If you’ve created a professional website to showcase your knowledge, passions, expertise and accomplishments, you should definitely include a link to your website or portfolio in your future resume. Starting in high school and adding to it each year will set you apart from the competition.

2. Social media accounts.

Facebook Find Us LogoYour social media presence is another important element. When using social media, be mindful of what you showcase. Ideally, keep your social media clean of controversial language, political views and immature content. Start thinking like a professional. Assume anyone considering you for college admission, internships or job opportunities will find your content.

3. Entrepreneurial Freelance projects.

Employers value entrepreneurial experiences. Use any freelance opportunities to help you shine. One high school student turned a photography hobby into a revenue producing part time job. According to a survey of Generation Y workers (those ages 18-29), the third-most common college major for that group is “entrepreneurial studies,” and there are now 2,364 post-secondary institutions offering entrepreneurship and small business programs. Even if these students don’t become an entrepreneur, chances are they may go on to get a job with a young, venture-backed company or work for an established corporation that places high value (higher starting salaries) for entrepreneurial behaviors.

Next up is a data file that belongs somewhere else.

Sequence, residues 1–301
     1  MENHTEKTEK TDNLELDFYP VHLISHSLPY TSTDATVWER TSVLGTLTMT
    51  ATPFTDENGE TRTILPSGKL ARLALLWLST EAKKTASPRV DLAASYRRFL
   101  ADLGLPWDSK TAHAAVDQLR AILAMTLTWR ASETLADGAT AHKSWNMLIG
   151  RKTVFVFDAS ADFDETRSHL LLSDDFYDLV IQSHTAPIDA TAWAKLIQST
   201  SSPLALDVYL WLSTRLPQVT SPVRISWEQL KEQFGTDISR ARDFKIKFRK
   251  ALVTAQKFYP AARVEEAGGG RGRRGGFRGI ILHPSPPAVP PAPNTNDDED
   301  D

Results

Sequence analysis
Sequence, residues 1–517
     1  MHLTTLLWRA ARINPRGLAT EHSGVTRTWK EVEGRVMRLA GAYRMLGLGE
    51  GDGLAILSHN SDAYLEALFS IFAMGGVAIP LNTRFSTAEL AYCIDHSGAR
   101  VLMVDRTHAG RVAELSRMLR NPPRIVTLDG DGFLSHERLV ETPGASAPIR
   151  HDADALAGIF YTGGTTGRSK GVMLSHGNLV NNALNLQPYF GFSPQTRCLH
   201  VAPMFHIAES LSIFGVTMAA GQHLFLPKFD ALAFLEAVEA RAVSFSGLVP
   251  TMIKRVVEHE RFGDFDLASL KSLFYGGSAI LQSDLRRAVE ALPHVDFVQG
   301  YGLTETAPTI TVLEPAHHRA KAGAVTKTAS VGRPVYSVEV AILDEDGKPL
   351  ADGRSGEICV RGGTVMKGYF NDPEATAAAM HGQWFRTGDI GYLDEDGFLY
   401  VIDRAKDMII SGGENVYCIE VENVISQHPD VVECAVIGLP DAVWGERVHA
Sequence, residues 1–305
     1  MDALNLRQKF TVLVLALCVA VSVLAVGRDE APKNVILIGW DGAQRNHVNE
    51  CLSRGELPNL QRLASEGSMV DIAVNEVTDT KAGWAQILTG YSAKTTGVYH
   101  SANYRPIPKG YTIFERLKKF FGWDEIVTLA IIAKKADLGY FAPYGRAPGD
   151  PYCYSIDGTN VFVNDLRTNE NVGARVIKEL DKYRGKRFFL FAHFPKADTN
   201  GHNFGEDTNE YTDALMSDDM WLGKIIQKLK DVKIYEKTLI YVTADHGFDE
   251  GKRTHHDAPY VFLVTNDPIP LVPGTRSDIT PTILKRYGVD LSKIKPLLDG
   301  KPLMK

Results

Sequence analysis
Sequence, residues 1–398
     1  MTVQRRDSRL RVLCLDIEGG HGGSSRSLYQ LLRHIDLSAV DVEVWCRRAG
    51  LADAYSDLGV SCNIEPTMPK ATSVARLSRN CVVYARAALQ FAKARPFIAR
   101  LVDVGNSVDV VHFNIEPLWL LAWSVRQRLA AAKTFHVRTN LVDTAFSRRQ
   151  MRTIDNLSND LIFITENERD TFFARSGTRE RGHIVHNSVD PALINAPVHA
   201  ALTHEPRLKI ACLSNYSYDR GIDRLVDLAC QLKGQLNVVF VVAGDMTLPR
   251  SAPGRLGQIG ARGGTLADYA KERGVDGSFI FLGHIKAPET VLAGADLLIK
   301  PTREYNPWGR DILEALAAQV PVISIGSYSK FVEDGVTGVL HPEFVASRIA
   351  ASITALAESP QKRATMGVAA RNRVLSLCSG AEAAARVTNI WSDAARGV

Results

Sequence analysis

Showcase your freelance experience in your resume. Keep track of your accomplishments and people/organizations you’ve worked with.

4. Awards or special recognition.

BSA Eagle Scout BadgeGirl Scouts Gold AwardHave you received special recognition for being an outstanding contributor? You are in control of this more than you may think. Look for intentional ways to be recognized through your volunteer work, such as tutoring younger students, or through structured programs such as achieving the rank of Eagle scout in the Boy Scouts of America or the Gold Award in the Girl Scouts or by acts of service in your church or community. Plan to graduate with honors in high school and college. You will want to include these accomplishments and awards in your resume.

5. Certifications.

Project Management CertificationJob seekers who have certifications in a specific tool or skill or knowledge area can definitely benefit from including those items in their resume. Very few students see this one. A friend of mine helped his daughter study for and pass several certification exams, normally designed for professionals, before she entered college. Many certifications require some kind of experience or completion of a related project as evidence of applicable knowledge. You don’t have to be employed in a traditional job to meet these requirements. Search out the opportunity or ask those adults in your network for support. An industry-specific or career-specific certification will definitely help you stand out.

6. Side projects.